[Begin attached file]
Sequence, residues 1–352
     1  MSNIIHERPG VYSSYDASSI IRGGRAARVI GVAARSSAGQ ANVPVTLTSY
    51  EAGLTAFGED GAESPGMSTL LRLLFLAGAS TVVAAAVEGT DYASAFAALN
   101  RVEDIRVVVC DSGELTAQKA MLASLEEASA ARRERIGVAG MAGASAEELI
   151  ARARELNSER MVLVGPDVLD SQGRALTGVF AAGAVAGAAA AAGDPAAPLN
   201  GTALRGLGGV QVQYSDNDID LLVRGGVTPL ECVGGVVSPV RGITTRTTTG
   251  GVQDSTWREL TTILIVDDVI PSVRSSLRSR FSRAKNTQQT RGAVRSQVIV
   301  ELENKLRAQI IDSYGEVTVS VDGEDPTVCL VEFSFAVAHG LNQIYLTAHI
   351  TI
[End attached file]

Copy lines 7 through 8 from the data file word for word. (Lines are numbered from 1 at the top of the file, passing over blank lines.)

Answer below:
   251  GVQDSTWREL TTILIVDDVI PSVRSSLRSR FSRAKNTQQT RGAVRSQVIV
   301  ELENKLRAQI IDSYGEVTVS VDGEDPTVCL VEFSFAVAHG LNQIYLTAHI